Channel catfish are omnivores and feed on a wide variety of food items. Young fish feed on aquatic insects and zooplankton. Larger fish feed on insects, crayfish and minnows. Big fish over sixteen inches are predatory and eat fish. The preferred feeding water temperature ranges between 75 and 85 degrees. A wide variety of baits can be utilized during an evening of cat fishing. Night crawlers, chicken livers, hot dogs, live minnows and cut-baits are all used successfully. Commercially made stink-baits are extremely popular. They are usually concoctions of smelly cheese and chicken blood, used with some type of specialized bait holder made of sponge or hollow tubes. These baits are the most popular when in pursuit of eating sized fish, under sixteen inches. Remember, big fish eat meat. The WV state record channel catfish was 40.3 inches long and weighed 33.42 pounds. It was caught in Patterson Creek, in 2005.

You do not need fancy gear to enjoy an evening of fishing. It is the basic hook, line and sinker deal. I do prefer to use circle hooks when bait fishing. This hook type sets in the corner of a fish’s mouth, making it easier to release larger fish to reproduce and keep your fishery alive. You do not need to set the hook with circle hooks. The hook is set by the fish exerting pressure on a tight line. One high-tech device you will need is the classic forked stick rod holder. A light source, cooler, folding chair, stringer and bug spray will pretty much take care of your equipment needs.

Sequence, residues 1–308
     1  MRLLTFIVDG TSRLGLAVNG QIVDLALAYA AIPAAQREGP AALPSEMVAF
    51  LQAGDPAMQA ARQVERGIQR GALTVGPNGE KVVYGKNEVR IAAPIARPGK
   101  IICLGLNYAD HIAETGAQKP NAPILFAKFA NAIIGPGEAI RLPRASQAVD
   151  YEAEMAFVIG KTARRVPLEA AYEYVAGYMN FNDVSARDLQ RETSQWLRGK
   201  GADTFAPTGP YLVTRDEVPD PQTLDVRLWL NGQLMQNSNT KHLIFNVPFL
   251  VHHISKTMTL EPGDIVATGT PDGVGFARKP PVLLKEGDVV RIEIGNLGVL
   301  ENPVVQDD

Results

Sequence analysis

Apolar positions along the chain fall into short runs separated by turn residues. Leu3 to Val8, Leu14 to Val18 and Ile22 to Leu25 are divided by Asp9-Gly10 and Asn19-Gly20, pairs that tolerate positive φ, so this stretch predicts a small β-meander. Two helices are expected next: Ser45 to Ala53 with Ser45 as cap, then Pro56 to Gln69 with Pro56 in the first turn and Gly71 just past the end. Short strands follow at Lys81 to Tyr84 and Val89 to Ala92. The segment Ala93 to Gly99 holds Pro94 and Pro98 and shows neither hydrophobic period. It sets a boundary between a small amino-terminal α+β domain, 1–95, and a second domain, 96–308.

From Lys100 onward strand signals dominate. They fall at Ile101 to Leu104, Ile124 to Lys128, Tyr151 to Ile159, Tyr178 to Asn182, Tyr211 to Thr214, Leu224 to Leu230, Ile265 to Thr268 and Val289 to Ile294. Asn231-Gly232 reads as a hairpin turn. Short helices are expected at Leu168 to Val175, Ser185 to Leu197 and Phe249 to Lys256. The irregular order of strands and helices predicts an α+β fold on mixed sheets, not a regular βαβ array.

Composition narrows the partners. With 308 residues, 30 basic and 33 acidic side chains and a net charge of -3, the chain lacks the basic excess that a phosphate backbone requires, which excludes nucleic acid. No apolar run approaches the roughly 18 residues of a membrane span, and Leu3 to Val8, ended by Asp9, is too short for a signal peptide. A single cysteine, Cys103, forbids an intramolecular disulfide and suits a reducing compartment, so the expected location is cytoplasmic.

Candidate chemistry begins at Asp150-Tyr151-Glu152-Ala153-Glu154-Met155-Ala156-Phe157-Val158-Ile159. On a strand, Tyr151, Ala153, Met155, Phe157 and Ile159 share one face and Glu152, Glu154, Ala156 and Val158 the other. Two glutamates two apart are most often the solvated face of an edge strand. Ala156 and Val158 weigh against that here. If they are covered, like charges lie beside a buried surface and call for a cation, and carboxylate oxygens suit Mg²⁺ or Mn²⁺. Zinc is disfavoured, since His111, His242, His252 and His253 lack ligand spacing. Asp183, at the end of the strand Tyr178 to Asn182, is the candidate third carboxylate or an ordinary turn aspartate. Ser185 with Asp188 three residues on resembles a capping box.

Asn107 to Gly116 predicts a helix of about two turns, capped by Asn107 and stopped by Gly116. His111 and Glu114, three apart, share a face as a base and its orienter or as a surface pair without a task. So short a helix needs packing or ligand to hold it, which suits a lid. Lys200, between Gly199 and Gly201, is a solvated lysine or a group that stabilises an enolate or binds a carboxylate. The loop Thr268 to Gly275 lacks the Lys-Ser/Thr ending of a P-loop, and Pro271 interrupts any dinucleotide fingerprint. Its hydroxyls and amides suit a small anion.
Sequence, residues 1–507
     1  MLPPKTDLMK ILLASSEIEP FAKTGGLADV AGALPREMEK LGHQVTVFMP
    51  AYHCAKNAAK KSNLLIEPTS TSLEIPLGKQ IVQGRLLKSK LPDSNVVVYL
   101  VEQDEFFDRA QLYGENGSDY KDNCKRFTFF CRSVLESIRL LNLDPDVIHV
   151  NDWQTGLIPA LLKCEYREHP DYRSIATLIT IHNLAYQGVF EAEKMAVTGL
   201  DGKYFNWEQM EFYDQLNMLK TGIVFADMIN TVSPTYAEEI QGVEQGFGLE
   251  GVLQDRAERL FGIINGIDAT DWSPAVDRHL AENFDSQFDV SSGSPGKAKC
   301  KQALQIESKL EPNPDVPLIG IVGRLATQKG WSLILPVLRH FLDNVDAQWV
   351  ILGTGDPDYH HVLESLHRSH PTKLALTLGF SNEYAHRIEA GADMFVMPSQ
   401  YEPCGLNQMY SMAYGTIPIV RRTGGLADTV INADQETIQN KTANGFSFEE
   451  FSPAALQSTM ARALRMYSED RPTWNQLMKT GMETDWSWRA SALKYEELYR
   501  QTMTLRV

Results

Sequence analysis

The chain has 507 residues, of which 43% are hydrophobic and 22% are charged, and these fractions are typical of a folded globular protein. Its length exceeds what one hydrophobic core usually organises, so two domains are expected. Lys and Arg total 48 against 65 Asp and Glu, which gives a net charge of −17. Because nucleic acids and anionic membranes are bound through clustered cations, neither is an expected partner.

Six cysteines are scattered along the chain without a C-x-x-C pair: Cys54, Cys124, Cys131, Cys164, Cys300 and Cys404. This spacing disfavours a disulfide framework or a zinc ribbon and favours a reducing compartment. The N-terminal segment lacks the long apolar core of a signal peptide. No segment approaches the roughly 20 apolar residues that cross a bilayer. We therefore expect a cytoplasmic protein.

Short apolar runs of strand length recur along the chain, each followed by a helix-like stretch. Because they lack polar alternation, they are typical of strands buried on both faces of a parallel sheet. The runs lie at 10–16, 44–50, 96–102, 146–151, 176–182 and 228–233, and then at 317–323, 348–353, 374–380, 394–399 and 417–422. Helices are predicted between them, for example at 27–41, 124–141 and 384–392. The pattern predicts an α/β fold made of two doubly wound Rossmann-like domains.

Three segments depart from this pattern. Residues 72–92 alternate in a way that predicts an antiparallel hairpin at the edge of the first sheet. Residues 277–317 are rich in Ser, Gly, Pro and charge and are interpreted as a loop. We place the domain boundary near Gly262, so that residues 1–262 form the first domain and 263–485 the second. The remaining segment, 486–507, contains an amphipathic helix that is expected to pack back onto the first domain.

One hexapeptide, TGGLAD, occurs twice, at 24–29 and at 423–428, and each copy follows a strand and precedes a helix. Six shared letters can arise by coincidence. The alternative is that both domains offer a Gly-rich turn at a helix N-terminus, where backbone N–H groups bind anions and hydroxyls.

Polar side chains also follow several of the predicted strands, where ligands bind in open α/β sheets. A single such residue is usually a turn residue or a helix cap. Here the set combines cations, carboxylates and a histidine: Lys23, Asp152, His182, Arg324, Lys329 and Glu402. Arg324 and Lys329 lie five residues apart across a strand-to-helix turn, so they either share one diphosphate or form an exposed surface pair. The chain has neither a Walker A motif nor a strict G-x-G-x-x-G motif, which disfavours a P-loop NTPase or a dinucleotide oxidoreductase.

The channel catfish is a member of the Ictaluridae family, which includes at least 45 species. If you don’t have channel cats near you, you probably have flatheads, blue catfish or bullheads. The lazy days and nights of summer are made for cat fishing under the shade trees or by the lantern’s light. It is quite enjoyable sitting there with nothing to do except watch for the twitch of the rod tip. What has become of simplicity?

This Article First Appeared in Two-Lane Livin
Fishing for Catfish: The Complete Guide for Catching Big Channells, Blues and Faltheads (The Freshwater Angler)

Catfish Location Secrets - Fishing DVD By In-fisherman

SECRET 7 catfish bait pint  Matzuo Sickle Hook Assortments Catfish Hooks (66 pcs.)

Saturday, August 14, 2010

The Season Begins

Glady Fork, Randolph County, WV  May 29,2009

Low gray clouds loom on the horizon. A cold front has moved through the region, dragging a steady drizzle behind. The air temperature is in the mid-fifties, fog is settling in. The streamside parking areas are void of vehicles. A few days ago, there wasn’t room to park. I pull into a wide spot below a normally crowded bridge, not one angler is in sight.

I watch the river, while tying on my leader. A pair of green drakes emerges and head upstream, their destination seems to be an overhanging birch. They are consumed by a tree swallow, before reaching the tree. I tie on a pair of Picket Pins. I do not see any feeding activity near the bridge hole. I move downstream where a swift riffle has gouged out a deep area undercutting a system of tree roots. The first cast results in a missed strike from the root system. I roll-cast to the same spot and hook a fourteen inch rainbow, the fish is released. A mink works its way upstream and enters the root system. I notice a dead rainbow about eighteen inches long, at the tail of the pool. Hopefully, the mink can make some use of the deceased trout.